Rights, Remedies, and Practice, at Law, in Equity, and Under the Codes: A Treatise on American Law in Civil Causes : with a Digest of Illustrative Cases, Volume 4

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Bancroft Whitney, 1891 - Actions and defenses
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Page 6684 - The instrument is dishonored by non-payment when: 1. It is duly presented for payment and payment is refused or cannot be obtained; or 2.
Page 6460 - A statute of this character prohibiting the making of contracts, except in a certain manner, ipso facto makes them void if made in any other way.
Page 6830 - In an action to recover the statutory penalty for failure to transmit a message from an office in one State to an office in another State, the fact that the act of negligence which prevented the message from reaching its destination occurred out of the former will not defeat a recovery in that State.
Page 6379 - Whatever doubts may have existed heretofore on this subject, the better opinion, I think, now is, that courts of equity will support assignments, not only of choses in action, but of contingent interests and expectations and of things which have no present, actual existence, but rest in possibility only, provided the agreements are fairly entered into, and it would not be against public policy to uphold them.
Page 6528 - In order for an equitable estoppel to arise, there must generally be some intended deception in the conduct or declarations of the party to be estopped or such gross negligence as to amount to constructive fraud, by which another has been misled to his injury.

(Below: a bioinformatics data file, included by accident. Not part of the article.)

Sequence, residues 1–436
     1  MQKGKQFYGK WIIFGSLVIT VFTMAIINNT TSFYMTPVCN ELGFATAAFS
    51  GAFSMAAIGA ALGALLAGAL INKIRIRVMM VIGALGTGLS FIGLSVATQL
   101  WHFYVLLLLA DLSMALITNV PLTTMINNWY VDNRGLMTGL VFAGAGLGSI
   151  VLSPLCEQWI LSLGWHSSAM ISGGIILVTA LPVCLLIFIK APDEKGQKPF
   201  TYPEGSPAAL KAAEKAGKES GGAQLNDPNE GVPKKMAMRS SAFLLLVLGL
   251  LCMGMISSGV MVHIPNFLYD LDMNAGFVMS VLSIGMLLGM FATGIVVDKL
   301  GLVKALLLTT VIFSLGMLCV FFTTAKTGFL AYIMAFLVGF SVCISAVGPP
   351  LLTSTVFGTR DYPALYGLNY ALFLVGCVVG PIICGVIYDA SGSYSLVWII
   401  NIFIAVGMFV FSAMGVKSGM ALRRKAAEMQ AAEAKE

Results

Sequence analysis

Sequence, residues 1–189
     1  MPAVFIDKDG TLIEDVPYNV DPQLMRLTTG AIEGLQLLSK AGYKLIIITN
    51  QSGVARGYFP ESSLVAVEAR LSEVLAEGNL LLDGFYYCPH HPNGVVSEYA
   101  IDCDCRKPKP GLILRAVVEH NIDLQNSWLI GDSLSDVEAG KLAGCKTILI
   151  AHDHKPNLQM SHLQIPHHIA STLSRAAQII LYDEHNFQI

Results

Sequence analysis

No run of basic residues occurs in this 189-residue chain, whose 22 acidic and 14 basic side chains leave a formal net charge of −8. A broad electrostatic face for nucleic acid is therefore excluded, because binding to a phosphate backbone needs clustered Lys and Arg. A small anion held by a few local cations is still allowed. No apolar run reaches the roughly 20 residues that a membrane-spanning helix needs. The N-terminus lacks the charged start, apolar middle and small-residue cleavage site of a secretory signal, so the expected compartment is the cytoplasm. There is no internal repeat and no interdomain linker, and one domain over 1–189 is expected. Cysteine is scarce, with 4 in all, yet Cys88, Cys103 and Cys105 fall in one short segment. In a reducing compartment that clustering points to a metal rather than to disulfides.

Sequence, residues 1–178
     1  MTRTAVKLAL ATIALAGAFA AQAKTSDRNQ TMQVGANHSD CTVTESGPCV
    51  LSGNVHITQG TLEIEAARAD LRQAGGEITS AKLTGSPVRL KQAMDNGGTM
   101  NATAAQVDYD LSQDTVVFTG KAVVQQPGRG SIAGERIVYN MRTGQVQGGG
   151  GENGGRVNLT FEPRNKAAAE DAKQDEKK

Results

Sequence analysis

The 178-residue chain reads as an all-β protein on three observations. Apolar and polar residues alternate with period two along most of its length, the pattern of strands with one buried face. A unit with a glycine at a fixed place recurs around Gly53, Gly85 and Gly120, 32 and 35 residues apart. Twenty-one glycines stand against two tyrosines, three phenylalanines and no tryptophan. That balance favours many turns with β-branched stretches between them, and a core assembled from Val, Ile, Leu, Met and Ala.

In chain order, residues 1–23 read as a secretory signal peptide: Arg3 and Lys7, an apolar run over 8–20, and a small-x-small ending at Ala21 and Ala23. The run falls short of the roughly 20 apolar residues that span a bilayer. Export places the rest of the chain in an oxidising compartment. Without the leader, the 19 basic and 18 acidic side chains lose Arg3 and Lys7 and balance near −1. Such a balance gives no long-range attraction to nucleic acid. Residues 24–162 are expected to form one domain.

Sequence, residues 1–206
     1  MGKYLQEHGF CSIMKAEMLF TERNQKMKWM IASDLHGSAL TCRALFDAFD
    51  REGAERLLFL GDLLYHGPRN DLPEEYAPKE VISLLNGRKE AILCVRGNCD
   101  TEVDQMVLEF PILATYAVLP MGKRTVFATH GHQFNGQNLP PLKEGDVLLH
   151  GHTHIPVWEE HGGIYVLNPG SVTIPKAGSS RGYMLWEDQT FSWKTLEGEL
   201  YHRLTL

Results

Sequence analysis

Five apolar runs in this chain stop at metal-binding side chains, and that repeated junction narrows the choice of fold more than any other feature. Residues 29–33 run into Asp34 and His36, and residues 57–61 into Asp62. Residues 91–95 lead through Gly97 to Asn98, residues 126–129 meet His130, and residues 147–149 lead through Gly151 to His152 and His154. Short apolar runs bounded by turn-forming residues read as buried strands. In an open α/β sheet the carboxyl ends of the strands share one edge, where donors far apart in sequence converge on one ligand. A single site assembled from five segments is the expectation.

Page 6538 - We do not understand the information here referred to, to be confined to communications made by the patient to the physician, but regard it as protecting, with the veil of privilege, whatever, in order to enable the physician to prescribe, was disclosed to any of his senses, and which in any way was brought to his knowledge for that purpose.
Page 6449 - The system of chancery jurisprudence has been developed as carefully and as judiciously as any part of the legal system, and the judicial power includes it, and always must include it. Any change which transfers the power that belongs to a judge to a jury, or to any other person or body, is as plain a violation of the Constitution as one which should give the courts executive or legislative power vested elsewhere.
Page 6501 - ... but, if it be doubtful, upon the whole agreement, whether the sum named was intended to be a pen-alty or liquidated damages, it will be construed to be a penalty, it being the tendency of the courts to consider the contract as creating a penalty...
Page 6460 - It is true that a contract is not void as against public policy unless it is injurious to the interests of the public, or contravenes some established interest of society.
Page 6496 - Difference in ope'n policy, is, that under an open policy, in case of loss, the ' assured must prove the actual value of the subject of insurance; under a valued policy he need never do so, except in cases of enormous or fraudulent...

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